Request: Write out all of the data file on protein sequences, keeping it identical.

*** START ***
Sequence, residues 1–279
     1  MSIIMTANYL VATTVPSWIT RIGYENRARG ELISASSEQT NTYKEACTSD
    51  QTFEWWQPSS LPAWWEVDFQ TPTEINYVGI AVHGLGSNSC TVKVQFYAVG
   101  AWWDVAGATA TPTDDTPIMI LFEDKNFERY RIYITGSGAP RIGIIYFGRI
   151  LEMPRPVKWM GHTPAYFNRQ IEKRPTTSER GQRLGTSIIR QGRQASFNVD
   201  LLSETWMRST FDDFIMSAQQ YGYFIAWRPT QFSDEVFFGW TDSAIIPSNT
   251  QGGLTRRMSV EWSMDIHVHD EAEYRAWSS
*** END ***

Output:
Sequence, residues 1–279
     1  MSIIMTANYL VATTVPSWIT RIGYENRARG ELISASSEQT NTYKEACTSD
    51  QTFEWWQPSS LPAWWEVDFQ TPTEINYVGI AVHGLGSNSC TVKVQFYAVG
   101  AWWDVAGATA TPTDDTPIMI LFEDKNFERY RIYITGSGAP RIGIIYFGRI
   151  LEMPRPVKWM GHTPAYFNRQ IEKRPTTSER GQRLGTSIIR QGRQASFNVD
   201  LLSETWMRST FDDFIMSAQQ YGYFIAWRPT QFSDEVFFGW TDSAIIPSNT
   251  QGGLTRRMSV EWSMDIHVHD EAEYRAWSS